Italian banks cut bond holdings but bad loans continue to rise
MILAN Feb 10 (Reuters) - Non-performing loans at Italian banks grew at a much sharper annual pace in December as Italy struggles to emerge from a deep economic crisis and lenders are cleaning up their balance sheet in light of a European asset quality review.
Lenders also cut their holdings of domestic government bonds ahead of a year-end deadline for balance sheet data that the European Central Bank will use it its review of the euro zone banking sector.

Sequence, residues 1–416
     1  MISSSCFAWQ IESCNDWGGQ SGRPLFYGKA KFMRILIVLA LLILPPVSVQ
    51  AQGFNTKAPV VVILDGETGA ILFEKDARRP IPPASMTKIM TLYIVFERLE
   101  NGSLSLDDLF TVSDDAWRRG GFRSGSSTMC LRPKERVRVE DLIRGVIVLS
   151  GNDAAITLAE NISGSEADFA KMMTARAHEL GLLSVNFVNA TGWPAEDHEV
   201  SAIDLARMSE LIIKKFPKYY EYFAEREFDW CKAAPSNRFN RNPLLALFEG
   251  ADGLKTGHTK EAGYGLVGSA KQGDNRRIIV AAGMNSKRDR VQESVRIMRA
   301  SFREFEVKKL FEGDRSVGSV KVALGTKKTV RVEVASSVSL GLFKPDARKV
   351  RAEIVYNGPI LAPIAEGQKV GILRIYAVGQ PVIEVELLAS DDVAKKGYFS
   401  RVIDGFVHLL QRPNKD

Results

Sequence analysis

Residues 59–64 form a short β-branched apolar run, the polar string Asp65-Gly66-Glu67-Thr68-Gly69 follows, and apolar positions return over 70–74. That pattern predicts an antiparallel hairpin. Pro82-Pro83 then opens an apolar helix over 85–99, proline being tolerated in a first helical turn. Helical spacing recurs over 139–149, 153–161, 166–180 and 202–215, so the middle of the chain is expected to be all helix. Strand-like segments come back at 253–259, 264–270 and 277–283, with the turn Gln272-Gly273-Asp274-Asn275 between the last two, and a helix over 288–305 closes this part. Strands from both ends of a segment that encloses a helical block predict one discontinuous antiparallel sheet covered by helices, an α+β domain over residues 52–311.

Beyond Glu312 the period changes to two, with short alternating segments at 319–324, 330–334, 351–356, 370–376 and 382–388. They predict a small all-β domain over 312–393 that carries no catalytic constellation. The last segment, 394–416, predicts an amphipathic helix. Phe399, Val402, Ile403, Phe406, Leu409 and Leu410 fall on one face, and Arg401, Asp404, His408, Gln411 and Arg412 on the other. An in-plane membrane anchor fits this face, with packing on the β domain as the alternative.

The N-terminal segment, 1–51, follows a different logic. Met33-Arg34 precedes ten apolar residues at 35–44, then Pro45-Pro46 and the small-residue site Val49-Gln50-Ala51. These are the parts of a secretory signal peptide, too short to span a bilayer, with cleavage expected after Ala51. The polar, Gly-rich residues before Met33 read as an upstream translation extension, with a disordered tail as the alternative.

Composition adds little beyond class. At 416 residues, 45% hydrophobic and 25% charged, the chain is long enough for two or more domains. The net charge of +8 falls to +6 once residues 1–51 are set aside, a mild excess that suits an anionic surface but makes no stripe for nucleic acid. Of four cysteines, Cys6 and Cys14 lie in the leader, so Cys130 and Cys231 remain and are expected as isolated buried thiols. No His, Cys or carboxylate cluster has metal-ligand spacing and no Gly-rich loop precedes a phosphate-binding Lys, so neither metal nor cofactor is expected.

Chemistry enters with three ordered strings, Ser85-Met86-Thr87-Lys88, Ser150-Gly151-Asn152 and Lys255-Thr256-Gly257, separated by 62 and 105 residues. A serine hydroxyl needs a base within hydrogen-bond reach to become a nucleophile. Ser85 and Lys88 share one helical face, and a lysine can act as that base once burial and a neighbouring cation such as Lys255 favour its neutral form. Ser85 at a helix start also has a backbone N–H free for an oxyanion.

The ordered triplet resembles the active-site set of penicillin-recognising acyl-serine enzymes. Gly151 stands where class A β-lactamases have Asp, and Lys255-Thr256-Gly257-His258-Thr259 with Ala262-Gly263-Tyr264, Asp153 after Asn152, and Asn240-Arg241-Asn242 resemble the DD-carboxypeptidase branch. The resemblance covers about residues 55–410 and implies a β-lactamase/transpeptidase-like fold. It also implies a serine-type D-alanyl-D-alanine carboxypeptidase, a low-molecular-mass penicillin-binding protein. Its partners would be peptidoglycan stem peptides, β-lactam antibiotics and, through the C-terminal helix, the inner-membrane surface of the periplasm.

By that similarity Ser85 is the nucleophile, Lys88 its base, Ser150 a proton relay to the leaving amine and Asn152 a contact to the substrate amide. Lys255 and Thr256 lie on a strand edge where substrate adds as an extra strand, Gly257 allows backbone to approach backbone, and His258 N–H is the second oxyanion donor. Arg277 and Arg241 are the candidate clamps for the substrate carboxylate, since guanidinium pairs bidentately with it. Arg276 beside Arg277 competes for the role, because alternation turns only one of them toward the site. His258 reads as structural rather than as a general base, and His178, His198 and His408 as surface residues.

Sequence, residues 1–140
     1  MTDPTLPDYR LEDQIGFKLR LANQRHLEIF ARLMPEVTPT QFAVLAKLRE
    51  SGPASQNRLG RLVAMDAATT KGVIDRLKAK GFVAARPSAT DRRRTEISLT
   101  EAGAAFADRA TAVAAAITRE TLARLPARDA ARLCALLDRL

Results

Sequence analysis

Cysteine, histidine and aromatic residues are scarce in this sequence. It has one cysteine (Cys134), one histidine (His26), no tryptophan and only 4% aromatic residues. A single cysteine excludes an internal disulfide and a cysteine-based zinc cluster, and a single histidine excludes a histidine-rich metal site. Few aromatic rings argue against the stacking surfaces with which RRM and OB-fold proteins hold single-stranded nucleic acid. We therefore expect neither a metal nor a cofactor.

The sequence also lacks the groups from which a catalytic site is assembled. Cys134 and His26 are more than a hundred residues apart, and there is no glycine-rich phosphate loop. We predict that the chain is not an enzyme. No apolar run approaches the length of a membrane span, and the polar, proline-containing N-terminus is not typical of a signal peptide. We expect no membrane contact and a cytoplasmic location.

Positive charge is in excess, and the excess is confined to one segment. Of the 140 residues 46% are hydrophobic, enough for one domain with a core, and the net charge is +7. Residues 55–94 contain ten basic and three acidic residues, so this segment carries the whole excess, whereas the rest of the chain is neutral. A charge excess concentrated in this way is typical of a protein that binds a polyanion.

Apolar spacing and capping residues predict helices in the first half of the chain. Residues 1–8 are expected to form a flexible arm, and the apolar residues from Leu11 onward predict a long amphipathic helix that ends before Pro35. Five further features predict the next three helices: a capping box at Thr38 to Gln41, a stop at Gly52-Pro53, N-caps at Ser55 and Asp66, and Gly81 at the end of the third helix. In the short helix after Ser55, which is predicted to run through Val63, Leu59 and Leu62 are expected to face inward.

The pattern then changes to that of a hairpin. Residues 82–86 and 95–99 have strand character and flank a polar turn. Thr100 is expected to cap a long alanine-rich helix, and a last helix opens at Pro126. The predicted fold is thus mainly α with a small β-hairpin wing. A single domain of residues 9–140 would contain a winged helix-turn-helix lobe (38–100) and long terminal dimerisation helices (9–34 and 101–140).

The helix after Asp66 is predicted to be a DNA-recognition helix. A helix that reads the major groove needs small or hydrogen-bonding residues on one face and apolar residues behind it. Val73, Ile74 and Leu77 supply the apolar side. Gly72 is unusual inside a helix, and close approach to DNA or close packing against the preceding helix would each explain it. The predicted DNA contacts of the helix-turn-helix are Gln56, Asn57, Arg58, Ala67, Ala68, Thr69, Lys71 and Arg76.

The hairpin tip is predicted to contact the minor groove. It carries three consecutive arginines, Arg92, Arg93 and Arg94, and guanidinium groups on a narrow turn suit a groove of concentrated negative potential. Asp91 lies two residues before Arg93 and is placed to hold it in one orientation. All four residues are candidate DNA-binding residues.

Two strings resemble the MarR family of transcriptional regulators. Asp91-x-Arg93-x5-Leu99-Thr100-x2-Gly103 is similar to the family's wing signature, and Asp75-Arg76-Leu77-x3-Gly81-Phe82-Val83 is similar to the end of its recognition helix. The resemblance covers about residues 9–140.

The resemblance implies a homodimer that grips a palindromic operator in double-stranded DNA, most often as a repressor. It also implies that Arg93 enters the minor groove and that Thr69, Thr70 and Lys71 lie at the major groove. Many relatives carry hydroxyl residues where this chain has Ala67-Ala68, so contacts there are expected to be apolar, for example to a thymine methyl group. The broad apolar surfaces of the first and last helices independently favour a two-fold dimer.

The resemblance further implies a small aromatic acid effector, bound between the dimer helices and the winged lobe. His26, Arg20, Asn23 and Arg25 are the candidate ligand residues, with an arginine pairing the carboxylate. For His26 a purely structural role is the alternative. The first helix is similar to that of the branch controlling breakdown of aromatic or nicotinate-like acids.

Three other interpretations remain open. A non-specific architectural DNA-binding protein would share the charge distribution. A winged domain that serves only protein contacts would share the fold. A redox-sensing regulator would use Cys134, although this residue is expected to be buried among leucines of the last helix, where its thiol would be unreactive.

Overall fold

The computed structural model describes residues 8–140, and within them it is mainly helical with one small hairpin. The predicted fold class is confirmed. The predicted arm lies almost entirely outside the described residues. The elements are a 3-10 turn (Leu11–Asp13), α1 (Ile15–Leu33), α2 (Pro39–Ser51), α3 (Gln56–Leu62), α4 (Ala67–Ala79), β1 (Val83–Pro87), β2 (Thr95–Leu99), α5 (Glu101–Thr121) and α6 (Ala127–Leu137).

Bank of Italy data showed on Monday that non-performing loans at Italian banks rose 24.6 percent year-on-year in December, accelerating from a 22.7 percent increase in November.
Holdings of Italian government bonds at Italy-based banks stood at 387.4 billion euros ($527.6 billion) in December, down from 402.9 billion euros the previous month, according to data that are partly calculated at market value.
Italian banks are expected to have lowered their sovereign holdings ahead of a Dec. 31 snapshot of balance sheets the European Central Bank will use in its review of euro zone lenders this year.
($1 = 0.7343 euros) (Reporting by Valentina Za)
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